Bugatti has merged with Croatian EV startup Rimac to secure its electric future


No, Bugatti is not shutting down! Croatian electric performance car manufacturer Rimac has been handed over the control of Bugatti, putting rest to all the rumors that have been doing rounds over the last few months. The long-rumored deal sees Bugatti merge with Rimac’s hypercar business to create a new company called Bugatti-Rimac. As a part of the deal, the newly formed joint venture will have Rimac as the majority stakeholder with 55% ownership, while Porsche will hold the remainder 44 percent. “This is a great responsibility,” said Rimac’s 33-year-old founder Mate Rimac. “We are standing on the shoulders of giants here. Bugatti defined the hypercar, and we have to make it a success not only in terms of its products but also profitable.”


Mate Rimac will become the CEO of the newly-formed Bugatti-Rimac, while Porsche’s Oliver Blume and Lutz Meschke will join a supervisory board for the new entity. Porsche will also retain its 24 percent stake in Rimac. What’s worth noting is that Rimac will continue to develop its own electric hypercars. Several reports suggest the deal between Rimac and VW has been in the works for over two years. It is said that the German conglomerate reached out to Rimac for developing a hybrid version of the Chiron to meet the emission regulations. However, Mate offered to create a completely new car and be more cost-effective than updating the old model. Instead of buying the technology from Rimac, VW offered a merger deal.

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Rimac was founded in 2009 and has quickly become one of the most formidable players in the EV segment, despite building only a handful of cars to date. The Croatian manufacturer only recently revealed the production variant of its second model, which has been named Nevera. However, Rimac is currently one of the most prominent EV technology suppliers, including high-performance electric powertrains, battery packs, and autonomous driving technology. It is currently working with at least 10 carmakers, including the likes of Ferrari, Aston Martin, and Mercedes. A new, separate business named Rimac Technology will be formed to take care of this side of the business wholly owned by the Rimac Group.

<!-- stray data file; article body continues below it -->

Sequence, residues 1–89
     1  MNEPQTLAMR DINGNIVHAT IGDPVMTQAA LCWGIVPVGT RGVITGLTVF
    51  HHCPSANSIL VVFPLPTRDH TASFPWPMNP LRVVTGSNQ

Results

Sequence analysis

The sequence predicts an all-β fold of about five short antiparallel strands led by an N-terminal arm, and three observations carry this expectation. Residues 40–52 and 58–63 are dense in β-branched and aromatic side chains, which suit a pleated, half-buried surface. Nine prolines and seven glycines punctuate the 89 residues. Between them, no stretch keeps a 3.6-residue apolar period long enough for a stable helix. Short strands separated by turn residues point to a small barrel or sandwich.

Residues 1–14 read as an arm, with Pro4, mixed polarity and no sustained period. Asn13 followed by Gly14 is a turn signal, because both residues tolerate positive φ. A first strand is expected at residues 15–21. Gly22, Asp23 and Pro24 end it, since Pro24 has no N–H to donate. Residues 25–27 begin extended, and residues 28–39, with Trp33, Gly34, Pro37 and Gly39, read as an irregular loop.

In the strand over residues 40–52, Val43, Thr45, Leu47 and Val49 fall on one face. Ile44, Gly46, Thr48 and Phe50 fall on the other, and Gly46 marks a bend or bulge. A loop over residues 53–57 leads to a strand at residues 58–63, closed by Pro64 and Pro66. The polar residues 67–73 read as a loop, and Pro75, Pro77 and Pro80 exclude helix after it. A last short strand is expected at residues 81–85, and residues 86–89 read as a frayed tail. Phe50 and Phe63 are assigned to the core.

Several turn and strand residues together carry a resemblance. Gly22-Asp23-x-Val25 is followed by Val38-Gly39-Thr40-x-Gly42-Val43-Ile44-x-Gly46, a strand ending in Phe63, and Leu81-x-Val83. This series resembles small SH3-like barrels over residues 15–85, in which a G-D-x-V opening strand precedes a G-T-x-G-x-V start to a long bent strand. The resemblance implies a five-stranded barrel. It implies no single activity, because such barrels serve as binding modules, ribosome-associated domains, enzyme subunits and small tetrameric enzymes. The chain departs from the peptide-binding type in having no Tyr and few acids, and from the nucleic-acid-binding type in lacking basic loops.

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Rimac will continue to build its cars in Croatia, with the manufacturer moving to its new $240 million campus near the capital, Zagreb, in 2023. On the other hand, the current Bugatti models will also be assembled at its original production facility in Molsheim, eastern France. While Rimac will continue to build electric hypercars, Mate Rimac hinted that Bugatti might diversify its line-up in the future. “In its heritage, Bugatti has models that are more than just hypercars,” he said. “There’s an opportunity for Bugatti in the future to have very interesting cars that are completely different to other models on the market, while Rimac remains a maker of very high-performance sports cars. From what we know so far, a 2000-hp hybrid hypercar with a naturally aspirated combustion engine will come first, followed by Bugatti’s first battery-electric model. But we haven’t figured that out ourselves yet.”

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[Via: Car And Driver]